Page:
- Government benefits. If a fraudster is able to take over an account that provides government benefits, such as Medicare, they can route the benefits to themselves or sell the account information to another hacker online.
- Retail loyalty rewards. Hackers can use your loyalty points rewards either for their own benefit or as an asset they can sell to other fraudsters online.
- Cellphone contracts. Some hackers will use your cell phone account credentials to make phone calls, send text messages, or use your data to avoid paying for it themselves.
How Does Account Takeover Happen?
A successful account takeover attack has to be executed using a few steps:
- Step 1: Compromise the user's credentials. People often use the same passwords for different accounts, as well as the same username, particularly if it is an email address. Hackers can use this to their advantage. Often, a hacking group will steal hundreds or thousands of passwords, and then another hacker can purchase that list and try those passwords to get into user accounts. In other situations, the attacker may get user credentials using a phishing attack.
- Step 2: Test if the accounts work: Once an attacker has account credentials, the next step is to test them out to see if they work. This can be done using manual entry where the attacker tries one username after the next, typing them in one by one. However, using a bot that automatically tests account credentials has become common. This allows a hacker to try many sets of credentials on a variety of accounts simultaneously.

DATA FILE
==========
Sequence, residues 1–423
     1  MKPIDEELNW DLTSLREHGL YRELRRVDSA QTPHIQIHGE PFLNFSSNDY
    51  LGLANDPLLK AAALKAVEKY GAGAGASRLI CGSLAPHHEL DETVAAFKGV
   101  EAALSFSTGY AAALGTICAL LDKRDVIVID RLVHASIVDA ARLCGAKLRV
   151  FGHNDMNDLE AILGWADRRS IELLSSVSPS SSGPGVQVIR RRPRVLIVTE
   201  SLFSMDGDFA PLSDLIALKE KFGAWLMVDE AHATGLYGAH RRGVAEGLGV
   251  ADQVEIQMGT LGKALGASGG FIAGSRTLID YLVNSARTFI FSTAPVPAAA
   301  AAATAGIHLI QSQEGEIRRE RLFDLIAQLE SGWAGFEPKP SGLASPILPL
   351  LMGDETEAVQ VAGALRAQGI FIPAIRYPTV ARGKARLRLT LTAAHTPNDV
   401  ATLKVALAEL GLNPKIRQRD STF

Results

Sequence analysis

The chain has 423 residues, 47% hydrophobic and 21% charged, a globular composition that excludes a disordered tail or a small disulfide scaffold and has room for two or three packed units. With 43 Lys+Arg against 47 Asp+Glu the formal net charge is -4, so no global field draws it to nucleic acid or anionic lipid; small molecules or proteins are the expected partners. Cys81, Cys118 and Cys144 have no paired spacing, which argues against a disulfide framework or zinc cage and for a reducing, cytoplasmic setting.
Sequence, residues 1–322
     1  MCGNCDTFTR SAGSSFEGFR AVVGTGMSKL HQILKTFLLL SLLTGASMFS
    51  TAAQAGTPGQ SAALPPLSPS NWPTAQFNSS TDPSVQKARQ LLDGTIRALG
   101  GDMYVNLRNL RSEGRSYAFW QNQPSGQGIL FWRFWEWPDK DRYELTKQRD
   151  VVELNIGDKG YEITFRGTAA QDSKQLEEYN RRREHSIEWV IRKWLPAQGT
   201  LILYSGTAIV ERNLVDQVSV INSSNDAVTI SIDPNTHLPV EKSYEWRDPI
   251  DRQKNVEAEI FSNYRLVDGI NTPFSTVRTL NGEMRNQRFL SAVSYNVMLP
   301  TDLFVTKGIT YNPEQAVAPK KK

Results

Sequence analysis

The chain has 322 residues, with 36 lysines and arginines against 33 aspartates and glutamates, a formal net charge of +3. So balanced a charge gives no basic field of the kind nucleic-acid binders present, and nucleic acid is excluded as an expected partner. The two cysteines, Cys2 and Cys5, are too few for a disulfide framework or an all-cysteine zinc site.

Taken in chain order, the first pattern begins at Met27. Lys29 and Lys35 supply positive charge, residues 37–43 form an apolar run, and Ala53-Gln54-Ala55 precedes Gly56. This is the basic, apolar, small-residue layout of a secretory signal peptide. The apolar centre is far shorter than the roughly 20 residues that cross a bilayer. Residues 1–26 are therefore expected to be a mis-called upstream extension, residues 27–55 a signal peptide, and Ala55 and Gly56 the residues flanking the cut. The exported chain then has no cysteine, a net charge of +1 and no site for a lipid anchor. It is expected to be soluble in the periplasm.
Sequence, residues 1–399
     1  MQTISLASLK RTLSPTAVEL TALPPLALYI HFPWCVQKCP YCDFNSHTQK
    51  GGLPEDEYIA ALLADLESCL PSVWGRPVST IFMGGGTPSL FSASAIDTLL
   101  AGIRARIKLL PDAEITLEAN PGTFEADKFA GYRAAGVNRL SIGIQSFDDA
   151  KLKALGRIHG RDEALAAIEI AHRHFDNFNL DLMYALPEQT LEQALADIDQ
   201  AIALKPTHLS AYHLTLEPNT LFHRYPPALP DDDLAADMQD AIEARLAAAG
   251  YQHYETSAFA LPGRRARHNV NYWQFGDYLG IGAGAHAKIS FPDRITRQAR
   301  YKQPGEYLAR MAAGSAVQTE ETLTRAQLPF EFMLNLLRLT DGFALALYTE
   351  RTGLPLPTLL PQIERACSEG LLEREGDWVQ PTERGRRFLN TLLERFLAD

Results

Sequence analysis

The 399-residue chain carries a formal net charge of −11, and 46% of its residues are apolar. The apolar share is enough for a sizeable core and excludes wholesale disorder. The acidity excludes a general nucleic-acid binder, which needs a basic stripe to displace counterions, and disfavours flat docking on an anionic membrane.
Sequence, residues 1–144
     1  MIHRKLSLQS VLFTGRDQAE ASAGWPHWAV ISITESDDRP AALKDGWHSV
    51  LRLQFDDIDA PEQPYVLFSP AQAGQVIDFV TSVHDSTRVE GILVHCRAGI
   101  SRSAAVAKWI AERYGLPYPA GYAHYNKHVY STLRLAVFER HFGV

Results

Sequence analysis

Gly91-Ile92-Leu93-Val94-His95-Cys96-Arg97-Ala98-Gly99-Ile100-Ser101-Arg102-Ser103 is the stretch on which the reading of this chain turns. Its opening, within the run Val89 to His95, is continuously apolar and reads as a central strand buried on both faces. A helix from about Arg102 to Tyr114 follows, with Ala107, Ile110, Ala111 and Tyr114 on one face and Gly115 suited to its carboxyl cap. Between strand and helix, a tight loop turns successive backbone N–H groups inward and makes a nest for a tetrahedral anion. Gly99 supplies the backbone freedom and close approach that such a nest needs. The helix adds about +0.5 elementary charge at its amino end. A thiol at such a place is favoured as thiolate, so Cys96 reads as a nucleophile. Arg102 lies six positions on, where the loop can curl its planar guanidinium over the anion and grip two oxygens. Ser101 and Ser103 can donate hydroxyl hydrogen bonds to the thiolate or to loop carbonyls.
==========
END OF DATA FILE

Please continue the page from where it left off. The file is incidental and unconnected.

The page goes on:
- Step 3: Use or sell the credentials: As soon as a hacker knows that the credentials they have are legitimate, they will either use them for their own benefit or sell them to another hacker. Criminals on the black market are always ready to pay a decent price for a set of credentials, and the amount a hacker can make varies depending on the type of account.
- Step 4: Access higher-value accounts: Sometimes, once a hacker has verified the validity of the credentials, they use them to access a different account, one that has more value. An email account takeover, for example, can enable a hacker to request login credentials or change usernames and passwords as they wish.
Account Takeover Techniques
Some of the most popular account takeover techniques include credential stuffing, phishing, malware, and mobile banking Trojans.
Credential stuffing refers to a type of brute-force attack where the hacker uses many different combinations of usernames and passwords until they find one that gives them access to an account.